Last Night's Viewing: Wonderland: Young, Bright and on the Right, BBC2


My first thought, I confess, was, "Look out, Jacob Rees-Mogg." At present, the Member for North East Somerset is pretty much unchallenged as our leading Cartoon Conservative. But everything about Joe Cooke seemed to suggest that he couldn't take his pre-eminence for granted.

Joe has a cravat, pictures of Lady Thatcher and Winston Churchill on his wall, and the general mien of someone who wishes he'd been born shortly before the Crimean war. In fact, Joe was a little more complicated than the self-parodying reactionary he first presented, but Alisa Pomeroy, director of Wonderland: Young, Bright and on the Right, wanted us to enjoy ourselves for a while before things got dark. Her film, a profile of two young Oxbridge Tories on the first steps of a well-trodden path to high office, initially looked like straightforward twerp anthropology, a study of the deviant forms that youthful ambition can sometimes take. It became something richer and more ambivalent – an account of class and desperation and the deep roots of entitlement.

Joe had just completed a term as President of the Oxford University Conservative Association when the film began, and was beginning to work on his wilderness years, trying to achieve out of office what he'd failed to do in it. Chris Monk, on the other hand, an ingenuous Boris-blond with wildly over-emphatic hand gestures, was just starting out in his university political career, hoping to secure a lowly committee position in the Cambridge University Conservative Association. Both treated their respective organisations with a comical degree of respect. As an ex-president still at Oxford, Joe solemnly informed us, he would be "the third most powerful man in the association". Chris, meanwhile, didn't want us to underestimate the responsibilities of the modest position he eventually secured (largely due to a shortage of volunteers): "There is now a possibility that... I will be deputised to the purchase of supplies for port and cheese," he said solemnly. "So that could involve me sorting out how much cheese to buy... and indeed sourcing biscuits."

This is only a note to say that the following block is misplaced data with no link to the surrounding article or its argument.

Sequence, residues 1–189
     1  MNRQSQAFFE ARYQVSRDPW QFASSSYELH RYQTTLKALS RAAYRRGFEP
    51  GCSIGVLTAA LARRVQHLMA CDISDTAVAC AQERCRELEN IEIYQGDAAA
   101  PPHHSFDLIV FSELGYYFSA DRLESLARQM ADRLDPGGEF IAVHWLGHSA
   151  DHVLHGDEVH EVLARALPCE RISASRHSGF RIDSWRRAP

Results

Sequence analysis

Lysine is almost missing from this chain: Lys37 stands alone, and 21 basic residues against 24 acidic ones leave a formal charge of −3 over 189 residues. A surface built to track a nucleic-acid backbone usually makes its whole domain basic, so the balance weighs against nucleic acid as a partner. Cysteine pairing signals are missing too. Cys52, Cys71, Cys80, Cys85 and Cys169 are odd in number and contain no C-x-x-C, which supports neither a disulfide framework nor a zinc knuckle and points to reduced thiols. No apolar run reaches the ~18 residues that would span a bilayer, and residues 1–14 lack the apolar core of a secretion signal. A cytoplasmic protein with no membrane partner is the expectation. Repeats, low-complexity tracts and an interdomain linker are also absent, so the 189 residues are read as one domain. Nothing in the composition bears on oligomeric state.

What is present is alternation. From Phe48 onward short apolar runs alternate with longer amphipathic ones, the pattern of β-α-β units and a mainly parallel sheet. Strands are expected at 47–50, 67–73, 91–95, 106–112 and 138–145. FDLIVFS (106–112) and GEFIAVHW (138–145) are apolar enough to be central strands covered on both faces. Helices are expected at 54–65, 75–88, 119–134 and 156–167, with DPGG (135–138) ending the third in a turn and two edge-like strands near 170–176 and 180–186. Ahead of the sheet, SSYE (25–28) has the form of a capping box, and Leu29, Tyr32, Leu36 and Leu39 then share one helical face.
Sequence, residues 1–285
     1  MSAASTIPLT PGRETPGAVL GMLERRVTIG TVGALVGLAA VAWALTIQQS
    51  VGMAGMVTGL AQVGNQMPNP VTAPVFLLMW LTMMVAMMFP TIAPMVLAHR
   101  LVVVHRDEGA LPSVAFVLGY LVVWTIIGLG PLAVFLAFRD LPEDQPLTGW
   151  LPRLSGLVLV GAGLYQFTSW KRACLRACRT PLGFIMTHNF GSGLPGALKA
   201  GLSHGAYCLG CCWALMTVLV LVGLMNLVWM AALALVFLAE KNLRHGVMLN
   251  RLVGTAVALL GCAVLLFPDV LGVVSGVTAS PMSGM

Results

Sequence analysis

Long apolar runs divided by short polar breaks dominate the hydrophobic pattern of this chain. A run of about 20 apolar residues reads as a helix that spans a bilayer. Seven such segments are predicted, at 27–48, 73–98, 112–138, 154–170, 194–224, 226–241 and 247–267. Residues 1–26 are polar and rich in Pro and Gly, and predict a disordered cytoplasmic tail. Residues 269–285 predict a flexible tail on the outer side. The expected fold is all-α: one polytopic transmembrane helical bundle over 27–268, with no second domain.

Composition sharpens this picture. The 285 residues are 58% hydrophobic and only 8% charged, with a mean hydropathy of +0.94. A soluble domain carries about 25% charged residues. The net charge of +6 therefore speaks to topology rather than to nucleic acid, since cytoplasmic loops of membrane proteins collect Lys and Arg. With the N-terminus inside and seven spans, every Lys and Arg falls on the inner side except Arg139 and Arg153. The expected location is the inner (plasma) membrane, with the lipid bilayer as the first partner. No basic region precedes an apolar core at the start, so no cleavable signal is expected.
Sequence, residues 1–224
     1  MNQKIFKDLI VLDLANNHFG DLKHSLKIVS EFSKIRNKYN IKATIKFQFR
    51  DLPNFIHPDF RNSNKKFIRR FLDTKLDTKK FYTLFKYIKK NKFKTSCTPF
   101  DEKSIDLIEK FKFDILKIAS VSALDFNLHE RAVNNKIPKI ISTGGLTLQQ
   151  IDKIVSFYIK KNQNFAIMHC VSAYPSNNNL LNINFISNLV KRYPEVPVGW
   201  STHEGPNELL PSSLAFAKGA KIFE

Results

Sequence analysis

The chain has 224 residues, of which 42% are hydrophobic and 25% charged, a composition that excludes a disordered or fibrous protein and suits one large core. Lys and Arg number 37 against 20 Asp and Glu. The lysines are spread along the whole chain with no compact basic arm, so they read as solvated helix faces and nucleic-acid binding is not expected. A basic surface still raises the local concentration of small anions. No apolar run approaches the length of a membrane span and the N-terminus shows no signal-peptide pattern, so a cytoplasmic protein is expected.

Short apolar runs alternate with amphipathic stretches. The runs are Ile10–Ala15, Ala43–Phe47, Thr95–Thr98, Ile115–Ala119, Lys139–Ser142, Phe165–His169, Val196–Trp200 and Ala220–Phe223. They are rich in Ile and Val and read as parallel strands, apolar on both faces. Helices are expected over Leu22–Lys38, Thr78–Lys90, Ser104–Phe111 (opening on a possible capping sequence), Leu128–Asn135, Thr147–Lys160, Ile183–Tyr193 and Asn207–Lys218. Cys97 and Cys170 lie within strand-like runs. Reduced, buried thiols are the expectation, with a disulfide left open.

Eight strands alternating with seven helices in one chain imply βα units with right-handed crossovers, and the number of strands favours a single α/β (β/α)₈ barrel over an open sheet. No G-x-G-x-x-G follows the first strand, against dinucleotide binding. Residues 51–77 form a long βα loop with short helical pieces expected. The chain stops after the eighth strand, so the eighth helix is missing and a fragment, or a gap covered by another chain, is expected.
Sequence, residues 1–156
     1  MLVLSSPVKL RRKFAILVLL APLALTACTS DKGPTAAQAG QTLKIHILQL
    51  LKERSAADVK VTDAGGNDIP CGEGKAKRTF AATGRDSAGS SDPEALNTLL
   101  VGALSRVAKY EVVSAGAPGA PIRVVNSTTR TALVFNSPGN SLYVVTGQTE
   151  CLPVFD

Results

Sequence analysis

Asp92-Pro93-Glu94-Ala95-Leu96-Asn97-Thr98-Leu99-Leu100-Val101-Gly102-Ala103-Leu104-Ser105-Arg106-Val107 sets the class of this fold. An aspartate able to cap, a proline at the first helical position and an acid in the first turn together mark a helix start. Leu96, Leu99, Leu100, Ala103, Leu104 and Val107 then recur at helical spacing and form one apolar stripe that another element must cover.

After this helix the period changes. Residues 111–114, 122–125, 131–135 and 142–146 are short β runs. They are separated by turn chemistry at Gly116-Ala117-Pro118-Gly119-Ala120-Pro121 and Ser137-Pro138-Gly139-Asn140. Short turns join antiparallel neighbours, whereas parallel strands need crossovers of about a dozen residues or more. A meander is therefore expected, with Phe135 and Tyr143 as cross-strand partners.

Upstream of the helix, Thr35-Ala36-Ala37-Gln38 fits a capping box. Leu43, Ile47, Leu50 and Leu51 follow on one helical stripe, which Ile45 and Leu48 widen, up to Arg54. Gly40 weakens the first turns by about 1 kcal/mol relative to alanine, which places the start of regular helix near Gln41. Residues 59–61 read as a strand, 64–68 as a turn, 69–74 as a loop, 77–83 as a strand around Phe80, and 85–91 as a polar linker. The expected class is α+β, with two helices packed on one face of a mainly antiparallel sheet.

Chris delivered social comedy to the film, so eager to make a mark that he ended up blotting his copybook. But he was really a pendant to Joe's story, which had everything except sex: back-stabbing, secret taping, skeletons in the family cupboard and headlines in the national press. The exact details of the politics were never entirely clear, but it seems that he'd fallen out with former colleagues in OUCA and was determined to get his revenge. Both factions seemed equally ridiculous, but then Joe went home, to a council house in what his fellow students would probably have sneeringly called "t' North". He'd been dyslexic as a child, his mother revealed, and hadn't spoken till he was five. Far from coasting on privilege, he'd struggled to get where he was, one of very few in his year who'd been on free school meals. His absent father had a prison record. And as he talked about this the mask of callow assurance began to leak, and the voice to break: "You put on such a front down here that as soon as you delve behind it the facade crumbles," he said tearfully.

Joe did get his revenge, outing OUCA snobbery and anti-Semitism to the student newspaper, which then pushed the story on to page three of The Daily Telegraph (as if to underline the fact that Oxford politics and journalism is a microcosm of the national kind, his meeting with a student journalist was interrupted by a call about a rival scoop; a mortar board was urgently needed for the nude picture that would accompany their gay porn star story). Whether this scorched earth tactic was a good career move we'll have to wait and see – the Tories like their loyalty unquestioning. But that we'll be seeing some of these faces again is a near certainty. And distinctly depressing too.

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